Published 25 July 2023

People Urged to #RespectTheWater and Avoid ‘Double Trouble’ this summer

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The National Water Safety Forum (NWSF) is encouraging people to learn the three-step rescue guide for water-related emergencies as the summer holidays start and the UK supports World Drowning Prevention Day on 25th July.

As summer holidaymakers begin gravitating towards the UK’s rivers, lakes and seas, the Forum is appealing to every boater, bather and waterside walker to ‘Respect the Water’ and ‘Call, Tell, Throw’ if they encounter an emergency situation.

World Drowning Prevention Day on 25th July is set to bring the potential gravity of water-related accidents and their consequences into sharp relief. To underpin its messaging the NWSF is urging everybody who plans to spend time in, on or alongside bodies of water to avoid ‘double trouble’ by disregarding their gut instinct to take the plunge and attempt their own rescue of someone who is in difficulty. Sadly, those who do so all too often double the casualty toll, and it is their plight which has given rise to the NWSF’s three-step rescue guide.

#RespecttheWater is the partnership campaign run by the NWSF and aims to provide simple life saving advice to help members of the public take personal responsibility for their own and their family’s safety, with a focus on knowing how to help other people in trouble.

In the event that someone is in trouble in the water, the best way to help is by staying calm, staying on land, and remember the three-step rescue guide – Call, Tell, Throw:

  • Call 999 – ask for Fire & Rescue if inland waters or coastguard at the coast.
  • Tell the struggling person to float on their back.
  • Throw them something that floats.

According to the latest World Health Organisation (WHO) estimates, drowning is the cause of 235,000 deaths globally every year. In 2022, accidental drowning claimed the lives of 226 people in the UK, equating to around 38% of the 597 water-related fatalities recorded here last year. A common misconception is that many incidents of this kind take place in our seas, but last year over 60% of deaths occurred inland in environments such as rivers, canals, reservoirs and lakes.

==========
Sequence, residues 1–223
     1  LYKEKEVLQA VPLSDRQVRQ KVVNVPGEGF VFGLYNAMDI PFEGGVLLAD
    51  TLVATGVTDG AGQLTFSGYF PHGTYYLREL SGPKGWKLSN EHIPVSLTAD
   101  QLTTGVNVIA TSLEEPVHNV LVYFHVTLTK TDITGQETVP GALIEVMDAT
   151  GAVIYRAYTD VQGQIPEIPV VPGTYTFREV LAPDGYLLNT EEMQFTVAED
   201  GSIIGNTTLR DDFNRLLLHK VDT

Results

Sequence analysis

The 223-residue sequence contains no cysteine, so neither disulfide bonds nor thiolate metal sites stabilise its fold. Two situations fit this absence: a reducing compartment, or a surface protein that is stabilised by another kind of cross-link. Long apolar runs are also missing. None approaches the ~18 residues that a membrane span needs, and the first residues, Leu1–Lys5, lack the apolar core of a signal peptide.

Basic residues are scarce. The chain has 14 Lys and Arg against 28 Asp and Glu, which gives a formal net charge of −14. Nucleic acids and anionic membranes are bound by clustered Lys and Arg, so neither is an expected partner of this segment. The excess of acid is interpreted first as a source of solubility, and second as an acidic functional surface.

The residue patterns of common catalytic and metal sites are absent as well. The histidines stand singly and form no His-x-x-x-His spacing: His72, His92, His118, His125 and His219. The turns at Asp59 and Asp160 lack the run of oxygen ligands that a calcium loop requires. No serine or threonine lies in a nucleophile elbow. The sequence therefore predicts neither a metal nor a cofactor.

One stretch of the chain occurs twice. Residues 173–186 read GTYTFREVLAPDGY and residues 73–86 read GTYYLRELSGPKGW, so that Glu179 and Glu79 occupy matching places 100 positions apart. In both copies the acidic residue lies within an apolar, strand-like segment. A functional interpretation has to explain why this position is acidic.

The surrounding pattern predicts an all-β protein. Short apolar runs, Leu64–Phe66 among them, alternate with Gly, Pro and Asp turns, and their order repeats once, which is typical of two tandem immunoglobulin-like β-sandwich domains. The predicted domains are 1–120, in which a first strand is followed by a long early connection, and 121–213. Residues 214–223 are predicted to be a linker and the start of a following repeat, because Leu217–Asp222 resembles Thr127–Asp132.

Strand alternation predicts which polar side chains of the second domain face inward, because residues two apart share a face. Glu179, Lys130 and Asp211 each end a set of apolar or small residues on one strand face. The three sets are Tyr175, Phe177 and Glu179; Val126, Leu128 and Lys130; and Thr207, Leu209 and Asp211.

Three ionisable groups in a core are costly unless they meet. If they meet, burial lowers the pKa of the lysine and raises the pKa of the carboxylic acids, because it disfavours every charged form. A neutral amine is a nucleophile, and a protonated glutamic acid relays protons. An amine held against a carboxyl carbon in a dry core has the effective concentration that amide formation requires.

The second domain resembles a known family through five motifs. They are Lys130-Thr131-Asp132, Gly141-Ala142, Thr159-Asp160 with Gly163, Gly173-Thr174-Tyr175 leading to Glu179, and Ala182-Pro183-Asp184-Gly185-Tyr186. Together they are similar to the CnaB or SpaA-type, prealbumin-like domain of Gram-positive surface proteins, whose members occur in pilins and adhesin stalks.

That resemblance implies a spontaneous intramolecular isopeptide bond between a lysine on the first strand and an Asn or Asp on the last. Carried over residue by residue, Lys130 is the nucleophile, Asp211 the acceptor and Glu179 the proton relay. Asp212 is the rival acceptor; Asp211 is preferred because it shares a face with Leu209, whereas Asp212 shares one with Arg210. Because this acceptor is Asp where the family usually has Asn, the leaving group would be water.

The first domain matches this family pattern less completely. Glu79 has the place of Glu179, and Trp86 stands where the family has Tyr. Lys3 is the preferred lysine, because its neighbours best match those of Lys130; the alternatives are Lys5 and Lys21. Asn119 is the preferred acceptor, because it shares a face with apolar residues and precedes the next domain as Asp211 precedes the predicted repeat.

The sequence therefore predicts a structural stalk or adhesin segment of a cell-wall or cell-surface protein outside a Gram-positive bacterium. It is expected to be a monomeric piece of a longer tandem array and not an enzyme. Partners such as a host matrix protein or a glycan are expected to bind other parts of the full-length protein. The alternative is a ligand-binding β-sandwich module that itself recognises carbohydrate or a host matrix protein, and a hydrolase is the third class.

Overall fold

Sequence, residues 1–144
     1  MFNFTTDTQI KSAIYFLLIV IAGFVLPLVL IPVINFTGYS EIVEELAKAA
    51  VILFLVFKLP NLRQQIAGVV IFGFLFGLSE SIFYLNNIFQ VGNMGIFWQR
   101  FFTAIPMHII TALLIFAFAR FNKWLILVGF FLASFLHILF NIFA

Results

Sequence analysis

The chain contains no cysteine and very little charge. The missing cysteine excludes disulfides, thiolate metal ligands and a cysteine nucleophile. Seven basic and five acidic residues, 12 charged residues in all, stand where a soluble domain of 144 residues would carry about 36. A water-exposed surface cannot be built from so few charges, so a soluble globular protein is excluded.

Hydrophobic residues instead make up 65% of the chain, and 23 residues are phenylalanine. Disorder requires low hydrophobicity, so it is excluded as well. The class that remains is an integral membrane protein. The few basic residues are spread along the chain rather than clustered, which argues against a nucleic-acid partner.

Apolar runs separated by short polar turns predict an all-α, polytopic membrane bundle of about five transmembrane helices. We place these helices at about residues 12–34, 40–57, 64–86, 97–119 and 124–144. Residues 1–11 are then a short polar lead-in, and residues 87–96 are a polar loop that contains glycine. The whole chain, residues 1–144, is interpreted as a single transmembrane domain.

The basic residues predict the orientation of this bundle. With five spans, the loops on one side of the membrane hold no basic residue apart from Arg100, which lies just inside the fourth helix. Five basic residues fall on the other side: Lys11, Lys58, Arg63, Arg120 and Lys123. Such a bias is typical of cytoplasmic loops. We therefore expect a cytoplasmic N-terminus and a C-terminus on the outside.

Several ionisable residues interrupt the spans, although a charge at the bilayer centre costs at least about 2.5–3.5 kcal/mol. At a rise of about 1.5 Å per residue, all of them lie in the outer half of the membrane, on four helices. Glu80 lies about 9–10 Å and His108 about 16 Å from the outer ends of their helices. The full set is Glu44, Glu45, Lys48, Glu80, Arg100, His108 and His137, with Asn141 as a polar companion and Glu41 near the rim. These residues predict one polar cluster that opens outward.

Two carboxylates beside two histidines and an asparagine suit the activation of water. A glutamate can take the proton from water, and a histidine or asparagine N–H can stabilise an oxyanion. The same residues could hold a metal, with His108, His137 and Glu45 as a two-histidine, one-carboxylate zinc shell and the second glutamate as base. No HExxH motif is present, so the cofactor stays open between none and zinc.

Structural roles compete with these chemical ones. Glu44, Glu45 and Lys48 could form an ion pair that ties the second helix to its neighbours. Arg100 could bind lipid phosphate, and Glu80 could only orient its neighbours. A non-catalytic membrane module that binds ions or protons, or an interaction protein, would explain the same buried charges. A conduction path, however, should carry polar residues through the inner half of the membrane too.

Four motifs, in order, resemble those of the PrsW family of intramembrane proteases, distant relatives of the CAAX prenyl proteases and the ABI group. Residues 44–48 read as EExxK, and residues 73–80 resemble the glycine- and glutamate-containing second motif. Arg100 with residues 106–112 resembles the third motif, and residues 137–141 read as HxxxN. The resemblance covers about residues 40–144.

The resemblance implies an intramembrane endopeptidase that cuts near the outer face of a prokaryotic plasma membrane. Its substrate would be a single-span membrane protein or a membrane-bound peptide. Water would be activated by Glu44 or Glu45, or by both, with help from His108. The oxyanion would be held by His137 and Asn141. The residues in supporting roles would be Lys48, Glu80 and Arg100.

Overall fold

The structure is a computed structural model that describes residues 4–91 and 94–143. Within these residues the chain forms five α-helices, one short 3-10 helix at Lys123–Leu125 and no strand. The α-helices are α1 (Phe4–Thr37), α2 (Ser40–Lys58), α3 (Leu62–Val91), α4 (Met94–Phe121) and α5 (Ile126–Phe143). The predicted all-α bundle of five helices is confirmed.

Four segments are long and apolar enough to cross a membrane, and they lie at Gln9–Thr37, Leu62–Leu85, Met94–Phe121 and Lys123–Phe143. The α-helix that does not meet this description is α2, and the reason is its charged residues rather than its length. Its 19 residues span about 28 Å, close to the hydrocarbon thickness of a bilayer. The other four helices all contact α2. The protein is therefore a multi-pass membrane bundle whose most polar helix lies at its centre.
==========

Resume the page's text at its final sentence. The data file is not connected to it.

Unsurprisingly, almost 50% of the UK’s accidental drownings in 2022 took place in the height of summer, underscoring the need for a timely reminder of the potential danger of taking to the water, and the proactive and reactive measures that can be taken to mitigate it.

The Forum’s #RespectTheWater campaign supports the World Health Organisation’s ongoing call to action to ‘do’ one thing, ‘improve’ one thing or ‘add’ one thing to water safety and drowning prevention initiatives on World Drowning Prevention Day. Among the many pledges of support that will be made from individuals, groups, organisations and big companies, some will be more visible than others – across the country buildings and monuments will again turn blue to mark the occasion, and advocates will wear blue zinc sun cream to prompt wider conversations about water safety. No matter how big or small the show of support, all will be hugely beneficial in the fight against water-related fatalities.

Dawn Whittaker, NWSF Chair, CEO East Sussex Fire Rescue Service and Drowning Prevention Lead for the National Fire Chiefs Council said: “The height of summer is the flashpoint for water-related emergencies – just under half of the accidental drownings happened in the summer months of June, July and August in 2022 – so the importance of amplifying the messaging surrounding World Drowning Prevention Day really can’t be overstated.

“The #RespectTheWater campaign makes a significant contribution to that objective in the UK by impressing on the public just how crucial it is to understand the dangers before getting in the water, and by providing clear, step-by-step guidance on how to deal as effectively, and safely, as possible with an incident.

“Although the weather isn’t great right now, we’re appealing to people to make safe choices when the sun comes out. If you see someone struggling in the water: Call 999; Tell them to float on their back; Throw them something which floats. Anyone can drown, no one should.”

For more information about the National Water Safety Forum, visit

For more information about #RespectTheWater, visit